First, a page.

(A24) Logan Lerman, Elle Fanning, Kyle Chandler, Michelle Monaghan. A gifted young writer creates a book that becomes a national phenomenon – and a national controversy – and then he disappears completely from view. A detective with murky motives goes on the trail of the missing author, digging up unsavory secrets about his past in the process. March 2

The Death of Stalin

(IFC) Steve Buscemi, Rupert Friend, Andrea Riseborough, Michael Palin. When the dictator Joseph Stalin died in 1953, the Soviet Union was plunged into chaos as various factions fought for control. Master satirist Armando Iannucci (In the Loop) turns these events into a wicked comedy that is both irreverent and perhaps, a look at what modern politics have devolved into.  March 9

Itzhak

(Greenwich) Itzhak Perlman, Toby Perlman, Alan Alda, Billy Joel. One of the greatest violinists to have ever lived certainly wasn’t  a sure bet for greatness when he started out. A polio victim, he fought to be taken seriously as a musician when teachers and others only saw his crutches. He rose nonetheless to become one of the greatest musicians of our time and a man whose passion for life is as infectious as his violin playing. March 9

The Forgiven

(Saban) Forest Whitaker, Eric Bana, Jeff Gum, Morné Visser. After the end of apartheid in South Africa, Archbishop Desmond Tutu meets with a brutal murderer in a notorious prison; one seeking answers in a murder forgotten by the authorities, the other seeking redemption. Based on actual events, this story was a powderkeg of controversy in the early years of Nelson Mandela’s presidency; veteran director Roland Joffe was behind the camera for this one. March 9

Maineland

(Abramorama) Miao Wang. There has been an enormous wave of affluent children sent by their parents from mainland China to study at private schools in the United States. Some of the expectations of the kids, buoyed by American movies, are not terribly reasonable but the reality of their Chinese schooling sends them to a country far away from their home with great hopes nevertheless. March 16

Back to Burgundy

(Music Box) Pio Marmaï, Ana Girardot, François Civil, Jean-Marc Roulot. Master director Cédric Klapisch returns with this heartwarming tale of a young prodigal son, who left his family vineyard in Burgundy to see the world, returning when his father falls ill. Reuniting with his sister and brother, the three must rebuild their relationship and their trust in one another if they are to weather this crisis. March 23

Getting Grace

(Hannover House) Daniel Roebuck, Madelyn Dundon, Marsha Dietlein, Dana Ashbrook. A teenage girl who is in the final stages of terminal cancer befriends a socially awkward funeral director in an effort to find out what will happen to her after she dies. Her zest for life and unconventional attitude give him the courage to be himself. Roebuck, who plays the funeral director, also directed the film. March 23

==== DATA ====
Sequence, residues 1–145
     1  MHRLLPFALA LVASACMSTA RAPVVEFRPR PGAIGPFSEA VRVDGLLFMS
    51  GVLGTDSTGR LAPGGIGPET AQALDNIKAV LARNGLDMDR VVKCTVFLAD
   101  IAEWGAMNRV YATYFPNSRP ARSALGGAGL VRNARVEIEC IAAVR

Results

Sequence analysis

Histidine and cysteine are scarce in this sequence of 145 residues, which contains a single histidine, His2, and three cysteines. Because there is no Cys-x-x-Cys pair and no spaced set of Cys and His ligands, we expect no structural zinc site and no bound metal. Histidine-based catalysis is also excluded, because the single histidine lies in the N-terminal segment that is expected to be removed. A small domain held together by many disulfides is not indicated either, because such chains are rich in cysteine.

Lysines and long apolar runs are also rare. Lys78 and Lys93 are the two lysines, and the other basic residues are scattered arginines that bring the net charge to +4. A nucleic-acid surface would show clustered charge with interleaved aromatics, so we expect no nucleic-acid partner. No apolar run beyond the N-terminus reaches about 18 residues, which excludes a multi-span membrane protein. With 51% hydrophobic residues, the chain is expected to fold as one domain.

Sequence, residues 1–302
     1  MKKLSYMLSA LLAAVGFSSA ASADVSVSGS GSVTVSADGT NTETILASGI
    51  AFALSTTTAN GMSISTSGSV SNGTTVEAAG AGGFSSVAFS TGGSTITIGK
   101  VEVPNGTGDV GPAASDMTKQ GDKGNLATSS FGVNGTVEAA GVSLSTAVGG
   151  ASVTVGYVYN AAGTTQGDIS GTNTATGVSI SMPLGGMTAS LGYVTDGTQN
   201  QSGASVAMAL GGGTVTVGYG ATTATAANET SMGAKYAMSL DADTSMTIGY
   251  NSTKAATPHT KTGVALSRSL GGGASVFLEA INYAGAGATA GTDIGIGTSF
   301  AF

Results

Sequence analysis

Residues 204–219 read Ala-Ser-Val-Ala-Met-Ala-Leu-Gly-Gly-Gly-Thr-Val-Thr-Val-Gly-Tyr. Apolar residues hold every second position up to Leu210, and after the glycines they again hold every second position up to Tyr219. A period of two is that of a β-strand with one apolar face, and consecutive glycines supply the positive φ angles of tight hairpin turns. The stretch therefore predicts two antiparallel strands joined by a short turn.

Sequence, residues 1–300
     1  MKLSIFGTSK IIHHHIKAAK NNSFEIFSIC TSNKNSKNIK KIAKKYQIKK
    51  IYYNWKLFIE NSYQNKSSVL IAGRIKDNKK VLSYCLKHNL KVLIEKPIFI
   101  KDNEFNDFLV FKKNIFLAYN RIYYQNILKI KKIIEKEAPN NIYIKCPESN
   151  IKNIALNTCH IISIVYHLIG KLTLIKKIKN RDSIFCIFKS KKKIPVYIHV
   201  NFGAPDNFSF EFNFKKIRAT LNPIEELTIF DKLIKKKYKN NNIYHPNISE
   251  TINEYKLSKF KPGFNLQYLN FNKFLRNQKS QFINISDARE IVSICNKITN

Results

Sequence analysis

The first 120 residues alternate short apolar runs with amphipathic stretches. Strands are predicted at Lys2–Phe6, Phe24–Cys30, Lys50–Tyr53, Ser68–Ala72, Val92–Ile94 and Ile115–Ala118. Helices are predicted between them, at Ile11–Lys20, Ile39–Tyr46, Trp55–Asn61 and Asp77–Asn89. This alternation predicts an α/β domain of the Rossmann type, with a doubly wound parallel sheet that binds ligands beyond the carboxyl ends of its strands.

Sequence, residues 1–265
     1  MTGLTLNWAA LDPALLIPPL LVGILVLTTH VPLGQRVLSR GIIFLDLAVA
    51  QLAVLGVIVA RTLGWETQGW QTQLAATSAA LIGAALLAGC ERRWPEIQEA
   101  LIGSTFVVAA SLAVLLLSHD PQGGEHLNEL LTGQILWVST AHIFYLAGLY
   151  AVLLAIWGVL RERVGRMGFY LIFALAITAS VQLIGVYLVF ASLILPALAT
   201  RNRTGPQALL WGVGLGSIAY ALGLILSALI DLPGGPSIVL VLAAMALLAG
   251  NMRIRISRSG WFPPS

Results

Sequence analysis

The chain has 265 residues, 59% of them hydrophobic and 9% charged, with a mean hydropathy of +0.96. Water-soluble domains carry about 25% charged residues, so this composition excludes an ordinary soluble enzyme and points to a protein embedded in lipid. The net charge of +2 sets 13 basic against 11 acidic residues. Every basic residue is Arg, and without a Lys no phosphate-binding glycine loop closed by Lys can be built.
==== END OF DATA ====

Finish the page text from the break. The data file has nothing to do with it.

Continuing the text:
Beauty and the Dogs

(Oscilloscope Laboratories) Mariam Al Ferjani, Ghanem Zrelli, Noomen Hamda, Mohamed Akkari. A film based on actual events, this follows the fight for justice by a young Tunisian woman who undergoes a terrifying ordeal after leaving a student party with a mysterious young man. Her battle will be uphill since the law favors the side of those who torment her. March 23

Caught

(Cinedigm/Great Point) Mickey Sumner, Cian Barry, April Pearson, Ruben Crow. A couple, both journalists, living in the idyllic English countryside, go out for a walk on the nearby moors and snap some pictures of apparent military activity there. Not too long afterwards, a strange couple dressed similarly show up at their door asking what seem to be polite questions at first but as the questions grow more bizarre and personal, they soon realize this isn’t an ordinary man and woman and the two journalists will have the scoop of the century – if they live to file it. March 30

The China Hustle

(Magnolia) Jed Rothstein, Alex Gibney. Wall Street is at it again. Chinese companies, based in America, have been attractive to investors since the Chinese economic boom of the last decade. Hoping to make up their losses from the 2008 recession, there has been heavy investment in these 500 or so companies. The trouble is that they are paper companies – they don’t actually produce anything. Fraud is being perpetrated on a massive scale and the government knows about it. As one of the financial experts says grimly, “Hold on to your wallets.” March 30